With natural attractions like valleys and rivers as well as picturesque villages, it is unsurprising that the Peak District is a hugely popular location for a holiday in the UK.
Justine Jenkins, who is the author of the travel blog, Wanderer Of The World, has spoken about visiting the Peak District: “Even if you’re short on time, there’s still plenty of hours in the day to make the most of everything the Peak District is most renowned for.
“It’s a truly stunning part of the country with wild terrain, uninterrupted views across the landscape and opulent estates one could only imagine living in.”
Despite its natural features, the Peak District is an accessible location as its many attractions and walks are perfect for those who may rely on a stairlift at home. Read on to find out some of the most accessible Peak District attractions and the routes that visitors with a mobility issue can enjoy.
Home to the Duke and Duchess of Devonshire, Chatsworth House is a grand stately home near Bakewell. The impressive building sits on the bank of the River Derwent, overlooking the Derwent and Wye valleys. Chatsworth House has been adapted to accommodate wheelchair users, including a lift to explore the upper floors.
“We are delighted to be one of the few stately homes who can provide visitors with mobility issues access to all areas of the visitor route, as we have a lift to all floors of the house,” said Paul Hayes, visitor services manager at Chatsworth. “There is good wheelchair access to most of the garden, farmyard, shops and restaurants, and a free shuttle buggy also runs between the house, stables and farmyard on request. Manual wheelchairs and mobility scooters are available for visitors to borrow free of charge each day, and we also have a team of volunteers on hand each day to help with accessibility requirements too.
“Every day brings something different at Chatsworth, whether you’re here to admire the splendour of the house, explore the garden, meet the animals in the farmyard, enjoy afternoon tea and shopping in the stables or at the award-winning Chatsworth Estate Farm Shop in Pilsey, we always look forward to welcoming you. Each year we host a number of special events, including the Horse Trials, Country Fair and Christmas markets, and from November, the house will be transformed for Christmas. We also stage a number of special exhibitions, such as the Sotheby’s Beyond Limits sculpture exhibition in the garden every autumn.”
As Paul mentions above, the Chatsworth House gardens are accessible to visitors with mobility issues and manual and electric wheelchair users. Visitors can also hire a manual wheelchair, but booking this before your visit is best. The closest lane of the house car park is reserved for blue badge holders and is free to use. There are also adapted toilets near the house entrance, the Carriage House restaurant, and the farmyard. If you have a visual impairment, you are eligible for a complimentary audio tour of the house when buying admission tickets, and the sensory garden has been developed to stimulate all the senses, including sound, touch and smell.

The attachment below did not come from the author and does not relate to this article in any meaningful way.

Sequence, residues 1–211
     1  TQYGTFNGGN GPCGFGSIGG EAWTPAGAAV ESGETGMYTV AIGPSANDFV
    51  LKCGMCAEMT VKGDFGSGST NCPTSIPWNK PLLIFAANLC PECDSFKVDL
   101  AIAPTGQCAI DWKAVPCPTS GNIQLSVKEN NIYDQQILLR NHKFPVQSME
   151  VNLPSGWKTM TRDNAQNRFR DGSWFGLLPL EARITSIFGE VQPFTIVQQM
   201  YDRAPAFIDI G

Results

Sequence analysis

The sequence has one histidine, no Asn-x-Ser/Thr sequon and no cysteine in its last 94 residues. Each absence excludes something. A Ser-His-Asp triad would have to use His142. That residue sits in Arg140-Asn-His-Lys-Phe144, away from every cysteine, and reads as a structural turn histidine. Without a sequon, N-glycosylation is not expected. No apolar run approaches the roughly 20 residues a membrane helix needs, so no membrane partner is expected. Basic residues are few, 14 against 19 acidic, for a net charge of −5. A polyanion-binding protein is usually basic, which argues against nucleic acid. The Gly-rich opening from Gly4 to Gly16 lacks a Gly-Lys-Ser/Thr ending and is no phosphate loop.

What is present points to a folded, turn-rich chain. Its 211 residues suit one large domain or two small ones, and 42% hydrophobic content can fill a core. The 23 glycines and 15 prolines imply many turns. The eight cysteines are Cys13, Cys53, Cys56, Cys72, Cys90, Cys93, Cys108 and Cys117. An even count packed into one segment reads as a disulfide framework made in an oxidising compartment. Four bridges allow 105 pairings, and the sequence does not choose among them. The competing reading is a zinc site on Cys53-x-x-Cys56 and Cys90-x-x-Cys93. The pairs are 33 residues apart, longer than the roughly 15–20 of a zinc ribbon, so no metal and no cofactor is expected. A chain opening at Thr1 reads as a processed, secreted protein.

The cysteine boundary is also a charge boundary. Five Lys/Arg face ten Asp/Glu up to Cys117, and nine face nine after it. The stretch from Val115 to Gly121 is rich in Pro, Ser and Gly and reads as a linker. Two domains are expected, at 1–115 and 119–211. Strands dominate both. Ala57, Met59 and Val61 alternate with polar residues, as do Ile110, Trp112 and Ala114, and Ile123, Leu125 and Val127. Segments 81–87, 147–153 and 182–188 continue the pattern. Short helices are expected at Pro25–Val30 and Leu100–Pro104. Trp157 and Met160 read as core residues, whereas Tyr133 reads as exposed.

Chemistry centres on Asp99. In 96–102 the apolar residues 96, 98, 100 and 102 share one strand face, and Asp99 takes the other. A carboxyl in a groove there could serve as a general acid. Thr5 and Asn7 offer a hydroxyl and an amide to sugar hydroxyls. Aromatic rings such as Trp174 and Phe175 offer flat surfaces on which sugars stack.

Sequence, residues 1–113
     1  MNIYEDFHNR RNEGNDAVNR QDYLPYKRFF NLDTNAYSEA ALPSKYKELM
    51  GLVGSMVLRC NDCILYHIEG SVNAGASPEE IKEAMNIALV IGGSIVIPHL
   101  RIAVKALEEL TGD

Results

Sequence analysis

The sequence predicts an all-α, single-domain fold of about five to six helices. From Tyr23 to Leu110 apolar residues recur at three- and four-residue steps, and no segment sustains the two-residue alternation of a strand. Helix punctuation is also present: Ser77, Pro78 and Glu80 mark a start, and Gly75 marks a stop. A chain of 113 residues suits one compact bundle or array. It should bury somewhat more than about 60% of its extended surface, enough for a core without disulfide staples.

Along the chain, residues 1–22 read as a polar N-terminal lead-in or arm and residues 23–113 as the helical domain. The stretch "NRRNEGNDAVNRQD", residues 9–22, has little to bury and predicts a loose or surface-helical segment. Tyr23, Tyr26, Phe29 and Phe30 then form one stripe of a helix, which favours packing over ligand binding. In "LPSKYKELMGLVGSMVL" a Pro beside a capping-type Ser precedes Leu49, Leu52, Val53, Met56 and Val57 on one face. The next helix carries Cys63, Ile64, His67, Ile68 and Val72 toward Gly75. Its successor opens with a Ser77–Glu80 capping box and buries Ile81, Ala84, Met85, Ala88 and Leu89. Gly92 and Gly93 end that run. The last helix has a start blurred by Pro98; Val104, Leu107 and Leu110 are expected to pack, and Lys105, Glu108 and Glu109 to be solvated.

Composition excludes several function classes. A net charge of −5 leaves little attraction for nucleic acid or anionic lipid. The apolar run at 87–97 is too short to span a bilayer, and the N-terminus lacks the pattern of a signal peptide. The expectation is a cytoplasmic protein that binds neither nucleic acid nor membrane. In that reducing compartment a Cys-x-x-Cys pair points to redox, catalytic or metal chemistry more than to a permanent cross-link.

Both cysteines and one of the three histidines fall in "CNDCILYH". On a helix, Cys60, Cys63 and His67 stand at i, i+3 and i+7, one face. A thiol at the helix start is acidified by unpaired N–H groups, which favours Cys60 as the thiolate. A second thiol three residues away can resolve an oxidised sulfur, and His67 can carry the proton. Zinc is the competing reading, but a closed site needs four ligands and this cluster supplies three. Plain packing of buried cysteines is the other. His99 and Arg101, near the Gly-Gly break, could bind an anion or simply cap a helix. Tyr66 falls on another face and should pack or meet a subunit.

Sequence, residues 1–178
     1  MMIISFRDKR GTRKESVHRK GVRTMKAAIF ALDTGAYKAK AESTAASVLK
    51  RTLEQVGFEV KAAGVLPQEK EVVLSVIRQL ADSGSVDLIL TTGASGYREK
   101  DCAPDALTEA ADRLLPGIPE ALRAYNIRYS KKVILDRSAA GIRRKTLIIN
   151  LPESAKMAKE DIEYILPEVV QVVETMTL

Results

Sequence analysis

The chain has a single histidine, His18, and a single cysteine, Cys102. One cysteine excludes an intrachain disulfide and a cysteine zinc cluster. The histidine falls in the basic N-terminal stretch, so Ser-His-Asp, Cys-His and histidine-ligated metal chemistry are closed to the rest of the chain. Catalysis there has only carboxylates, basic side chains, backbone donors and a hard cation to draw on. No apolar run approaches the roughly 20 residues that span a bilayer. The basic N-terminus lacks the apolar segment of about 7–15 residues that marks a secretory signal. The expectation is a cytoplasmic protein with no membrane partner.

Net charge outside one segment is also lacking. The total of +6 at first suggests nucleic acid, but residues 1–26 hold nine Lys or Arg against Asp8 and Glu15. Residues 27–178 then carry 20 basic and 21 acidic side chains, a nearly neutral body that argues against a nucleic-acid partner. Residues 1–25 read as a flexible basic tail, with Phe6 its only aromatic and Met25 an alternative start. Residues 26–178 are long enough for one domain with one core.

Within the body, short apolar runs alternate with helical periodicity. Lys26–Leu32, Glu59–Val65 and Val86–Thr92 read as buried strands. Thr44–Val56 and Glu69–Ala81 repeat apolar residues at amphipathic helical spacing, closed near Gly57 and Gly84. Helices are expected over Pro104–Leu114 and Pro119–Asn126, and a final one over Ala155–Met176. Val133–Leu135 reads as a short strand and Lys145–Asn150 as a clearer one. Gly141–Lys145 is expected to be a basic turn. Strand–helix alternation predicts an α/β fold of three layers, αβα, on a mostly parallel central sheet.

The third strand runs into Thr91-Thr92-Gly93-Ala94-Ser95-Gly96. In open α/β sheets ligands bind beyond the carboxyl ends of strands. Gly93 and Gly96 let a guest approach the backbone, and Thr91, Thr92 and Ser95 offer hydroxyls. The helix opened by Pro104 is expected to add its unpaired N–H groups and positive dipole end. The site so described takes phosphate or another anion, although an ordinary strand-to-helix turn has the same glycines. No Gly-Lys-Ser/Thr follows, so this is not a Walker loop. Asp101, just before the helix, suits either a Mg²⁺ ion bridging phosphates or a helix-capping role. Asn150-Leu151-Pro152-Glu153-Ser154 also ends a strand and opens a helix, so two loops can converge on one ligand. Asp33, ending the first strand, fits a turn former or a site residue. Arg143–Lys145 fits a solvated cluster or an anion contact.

Built in 1771 by Sir Richard Arkwright, Cromford Mills is the world’s first water-powered cotton spinning mill, and during a visit, you can learn all about the first complete factory system.
The attraction is located at the heart of the Derwent Valley Mills World Heritage Site, and during an escorted tour, you will learn about how this mill changed the world that we live in today.
Love Travelling Blog, a site which aims to inspire people to travel, says Cromford Mills is well worth a visit: “Cromford Mill is a fascinating place to visit, and it was hard to believe that we had spent three and a half hours there as it was so absorbing, the time just flew by.”
Cromford Mills is an accessible attraction as there is level access, carers are allowed in free of charge, and there are accessible toilets and wheelchair-friendly cafes and shops for visitors.
The Cromford Canal, next to the mill, is also wheelchair-friendly, offering a lovely accessible walk in the Peak District region. The canal is a haven for wildlife, and with its level towpath between Cromford Wharf and Ambergate, a distance of just over 5 miles, it offers a perfect stretch for walkers of all ages and abilities. There are wheelchair-accessible toilets along the way at Cromford Canal Wharf and High Peak Junction, and you can even hire a scooter.
Perched on the top of Masson Hill, The Heights of Abraham is undoubtedly one of the most exciting attractions in the Peak District. High above the picturesque town of Matlock and the surrounding countryside, the Heights of Abraham cable car takes visitors up to the hilltop, where many exciting features await. Walks, caverns and fascinating exhibitions offer an insight into the history and geology of the Peak District.
The cable cars have been adapted to accommodate wheelchairs and mobility scooters. However, you should check with The Heights of Abraham team if you are travelling with larger mobility equipment. The Long View, Fossil Factory and Window on the Peak exhibitions are all accessible, as well as the Through the Lens film show of the Great Masson Cavern, Vista Bar and restaurant, Terrace Café and gift shops.
The Peak Wildlife Park allows you to see some of the world’s most endangered mammals, and this unique Peak District attraction is perfect for families and animal lovers. You can interact with animals such as lemurs, penguins, Giant Sulcata Tortoises, Giant Rabbits and wallabies.
Karen, the author of The 3 am Diary lifestyle blog, says the park is great fun and accessible: “Peak Wildlife Park is such a unique place to visit with so much to do up close to the animals.
“There are several main areas where you can walk with the animals, which are all wheelchair friendly and accessible. There are gates in between each area and clear information about all the areas you are entering. You can also see zebras, tortoises and more!”
The Peak Wildlife Park is accessible to wheelchair users and people with a mobility problem as there are wheelchair-friendly paths, toilets, and car parking. Visitors can also rent wheelchairs from the park itself. You can find out more about the access here.